Gender Bias May Discourage Men from Certain Careers
Over the past few decades, we've seen headlines denouncing gender inequality in the workplace. Conversations around the gender gap tend to focus on women's experiences of bias and discrimination in male-dominated fields such as STEM (science, technology, engineering and math). Despite strides to dismantle barriers to women's advancement in STEM careers, equal efforts have not been made to address men's dramatic underrepresentation in healthcare, early education and domestic (HEED) fields.
That's according to Corinne Moss-Racusin, Ph.D., an associate professor of psychology at Skidmore College in Saratoga Springs, New York, who studies how stereotypes contribute to inequality within different kinds of institutions.
Gender disparities are often more prominent in HEED industries than in STEM. For example, an estimated 40 percent to 50 percent of scientists and statisticians identify as women, whereas only 3 percent of preschool and kindergarten teachers and 13 percent of nurses identify as men, according to 2021 data from the U.S. Bureau of Labor Statistics.
Moss-Racusin and her colleagues recently investigated this understudied issue. Through a two-part study, published in September 2022 by the American Psychological Association (APA), the researchers sought to measure the influence of male gender bias on deterring men from pursuing HEED careers.
Breaking down the research
For the first part of the study, the researchers involved nearly 300 participants from the United States. The team supplied one group of participants with an article discussing real research revealing that early education institutions favor female teacher applicants over male applicants with equal qualifications. A second group read an article alleging that early education exhibits gender equality. A third group was given nothing to read.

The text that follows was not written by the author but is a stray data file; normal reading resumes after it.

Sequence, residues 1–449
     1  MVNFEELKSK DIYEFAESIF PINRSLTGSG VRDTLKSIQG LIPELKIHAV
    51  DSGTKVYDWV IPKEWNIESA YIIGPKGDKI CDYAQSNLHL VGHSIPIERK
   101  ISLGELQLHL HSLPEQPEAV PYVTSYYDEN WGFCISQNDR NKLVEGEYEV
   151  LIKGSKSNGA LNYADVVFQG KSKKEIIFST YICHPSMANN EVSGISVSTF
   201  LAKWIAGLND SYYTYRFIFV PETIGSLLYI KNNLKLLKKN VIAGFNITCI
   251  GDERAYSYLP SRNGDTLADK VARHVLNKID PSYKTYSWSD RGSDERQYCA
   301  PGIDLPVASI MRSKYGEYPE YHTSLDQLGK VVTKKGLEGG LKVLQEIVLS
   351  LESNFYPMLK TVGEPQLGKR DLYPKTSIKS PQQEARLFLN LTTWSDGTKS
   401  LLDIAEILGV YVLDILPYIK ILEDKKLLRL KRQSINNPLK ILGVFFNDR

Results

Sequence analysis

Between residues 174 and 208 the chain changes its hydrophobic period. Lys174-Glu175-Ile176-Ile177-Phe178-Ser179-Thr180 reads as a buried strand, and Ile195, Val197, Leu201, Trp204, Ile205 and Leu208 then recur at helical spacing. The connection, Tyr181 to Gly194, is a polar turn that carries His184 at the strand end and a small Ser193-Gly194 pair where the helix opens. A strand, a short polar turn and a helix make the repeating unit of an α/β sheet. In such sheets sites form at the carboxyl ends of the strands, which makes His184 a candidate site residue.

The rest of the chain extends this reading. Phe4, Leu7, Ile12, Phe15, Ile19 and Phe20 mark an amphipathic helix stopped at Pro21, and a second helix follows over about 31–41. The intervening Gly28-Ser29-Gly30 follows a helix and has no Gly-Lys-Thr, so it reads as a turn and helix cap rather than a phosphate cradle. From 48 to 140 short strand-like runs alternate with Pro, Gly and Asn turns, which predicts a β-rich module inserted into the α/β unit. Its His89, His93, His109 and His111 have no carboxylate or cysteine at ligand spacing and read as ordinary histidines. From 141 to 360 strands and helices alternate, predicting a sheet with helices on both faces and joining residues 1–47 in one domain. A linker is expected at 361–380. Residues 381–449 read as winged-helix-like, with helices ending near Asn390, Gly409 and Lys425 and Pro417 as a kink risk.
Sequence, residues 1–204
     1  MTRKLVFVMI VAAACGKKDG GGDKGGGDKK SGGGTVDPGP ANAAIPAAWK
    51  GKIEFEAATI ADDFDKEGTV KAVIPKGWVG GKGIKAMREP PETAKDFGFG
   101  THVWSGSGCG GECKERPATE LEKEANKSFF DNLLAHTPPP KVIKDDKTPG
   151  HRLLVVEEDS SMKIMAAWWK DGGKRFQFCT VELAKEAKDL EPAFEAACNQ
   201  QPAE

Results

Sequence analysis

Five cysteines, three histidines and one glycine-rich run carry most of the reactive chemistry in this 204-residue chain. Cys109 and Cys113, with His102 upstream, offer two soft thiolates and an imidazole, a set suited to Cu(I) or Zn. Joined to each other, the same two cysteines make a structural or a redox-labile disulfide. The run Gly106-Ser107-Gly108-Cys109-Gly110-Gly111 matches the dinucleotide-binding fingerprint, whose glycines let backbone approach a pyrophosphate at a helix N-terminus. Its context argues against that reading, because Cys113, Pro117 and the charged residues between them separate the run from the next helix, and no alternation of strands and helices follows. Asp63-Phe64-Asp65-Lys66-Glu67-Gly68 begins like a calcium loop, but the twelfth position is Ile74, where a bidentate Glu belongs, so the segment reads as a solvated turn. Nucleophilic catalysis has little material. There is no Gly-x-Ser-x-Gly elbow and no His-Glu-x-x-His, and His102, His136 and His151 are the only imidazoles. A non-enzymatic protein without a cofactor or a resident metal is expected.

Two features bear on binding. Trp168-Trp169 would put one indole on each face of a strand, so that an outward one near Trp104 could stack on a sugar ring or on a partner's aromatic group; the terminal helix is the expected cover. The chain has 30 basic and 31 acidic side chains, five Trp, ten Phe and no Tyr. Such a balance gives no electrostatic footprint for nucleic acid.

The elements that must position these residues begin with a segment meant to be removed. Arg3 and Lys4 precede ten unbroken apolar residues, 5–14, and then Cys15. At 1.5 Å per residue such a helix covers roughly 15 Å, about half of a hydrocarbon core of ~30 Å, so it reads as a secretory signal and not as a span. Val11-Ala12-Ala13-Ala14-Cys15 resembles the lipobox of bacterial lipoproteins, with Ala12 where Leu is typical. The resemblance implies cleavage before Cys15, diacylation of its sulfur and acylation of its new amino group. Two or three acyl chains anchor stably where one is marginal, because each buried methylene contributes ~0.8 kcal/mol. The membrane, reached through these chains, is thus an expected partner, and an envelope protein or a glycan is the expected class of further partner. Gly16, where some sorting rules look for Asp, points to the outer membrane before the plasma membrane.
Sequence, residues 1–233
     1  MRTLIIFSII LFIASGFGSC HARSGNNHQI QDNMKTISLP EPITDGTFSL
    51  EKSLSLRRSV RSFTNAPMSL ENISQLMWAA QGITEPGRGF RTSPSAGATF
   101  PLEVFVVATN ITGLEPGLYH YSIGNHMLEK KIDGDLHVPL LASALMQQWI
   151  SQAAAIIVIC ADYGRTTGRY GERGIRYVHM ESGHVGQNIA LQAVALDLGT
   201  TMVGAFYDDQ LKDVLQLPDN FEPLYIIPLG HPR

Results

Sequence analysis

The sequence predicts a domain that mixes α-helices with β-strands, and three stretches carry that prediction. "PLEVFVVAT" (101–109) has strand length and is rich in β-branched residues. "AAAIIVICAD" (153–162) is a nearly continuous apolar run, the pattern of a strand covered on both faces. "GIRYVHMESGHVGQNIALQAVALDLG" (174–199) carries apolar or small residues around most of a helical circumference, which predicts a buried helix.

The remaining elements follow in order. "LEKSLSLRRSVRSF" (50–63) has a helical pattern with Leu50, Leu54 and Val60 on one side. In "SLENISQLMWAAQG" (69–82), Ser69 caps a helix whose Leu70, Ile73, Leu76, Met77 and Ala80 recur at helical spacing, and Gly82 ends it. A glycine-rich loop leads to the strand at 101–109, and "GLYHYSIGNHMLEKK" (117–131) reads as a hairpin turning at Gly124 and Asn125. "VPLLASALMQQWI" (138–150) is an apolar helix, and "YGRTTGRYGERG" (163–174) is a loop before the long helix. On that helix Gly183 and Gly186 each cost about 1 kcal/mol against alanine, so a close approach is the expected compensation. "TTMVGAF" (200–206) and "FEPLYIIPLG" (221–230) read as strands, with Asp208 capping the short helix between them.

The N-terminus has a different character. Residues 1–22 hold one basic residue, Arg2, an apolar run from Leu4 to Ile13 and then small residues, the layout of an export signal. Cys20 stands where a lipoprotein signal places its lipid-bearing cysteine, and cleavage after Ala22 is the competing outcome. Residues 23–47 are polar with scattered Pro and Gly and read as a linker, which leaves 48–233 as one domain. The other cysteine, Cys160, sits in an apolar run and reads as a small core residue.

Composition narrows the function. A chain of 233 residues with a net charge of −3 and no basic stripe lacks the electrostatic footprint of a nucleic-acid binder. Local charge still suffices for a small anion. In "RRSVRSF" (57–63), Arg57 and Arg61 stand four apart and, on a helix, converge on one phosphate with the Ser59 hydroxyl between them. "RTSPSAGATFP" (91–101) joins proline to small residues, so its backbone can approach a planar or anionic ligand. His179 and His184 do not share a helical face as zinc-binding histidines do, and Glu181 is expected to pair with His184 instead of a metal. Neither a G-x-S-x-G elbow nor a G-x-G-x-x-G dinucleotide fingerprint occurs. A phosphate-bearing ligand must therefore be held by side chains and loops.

For the second part of the study, researchers conducted an identical study with 275 students at Skidmore College.
In both experiments, the research team found male participants expressed less sense of belonging, positivity toward and desire to pursue HEED careers after they read an article explaining the real anti-male gender bias that permeates these fields.
Previous research, also led by Moss-Racusin, indicated that gender bias favoring men in STEM careers had less impact on study participants.
"This raises the concerning possibility that gender bias plays an even more substantial role in deterring men from HEED than it does in deterring women from STEM," the researchers wrote.
"There's no evidence that men are biologically incapable of doing this work or that men and women are naturally oriented toward different careers," Moss-Racusin said in December 2022 in an APA report.
"It's a detriment to society if we keep slotting people into gendered roles and stay the course on gender-segregated career paths, regardless of whether those jobs are traditionally associated with women or men," she added. "That's a powerful way of reinforcing the traditional gender status quo."